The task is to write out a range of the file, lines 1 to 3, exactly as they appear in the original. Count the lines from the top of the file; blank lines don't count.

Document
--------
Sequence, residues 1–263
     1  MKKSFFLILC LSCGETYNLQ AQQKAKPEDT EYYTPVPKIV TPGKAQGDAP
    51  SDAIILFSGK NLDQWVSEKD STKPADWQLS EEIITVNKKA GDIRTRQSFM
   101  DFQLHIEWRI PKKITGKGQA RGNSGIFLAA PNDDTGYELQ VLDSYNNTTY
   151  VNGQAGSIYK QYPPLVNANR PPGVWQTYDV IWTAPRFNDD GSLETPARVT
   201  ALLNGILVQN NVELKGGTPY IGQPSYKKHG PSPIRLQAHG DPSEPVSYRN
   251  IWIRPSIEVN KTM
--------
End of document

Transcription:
Sequence, residues 1–263
     1  MKKSFFLILC LSCGETYNLQ AQQKAKPEDT EYYTPVPKIV TPGKAQGDAP
    51  SDAIILFSGK NLDQWVSEKD STKPADWQLS EEIITVNKKA GDIRTRQSFM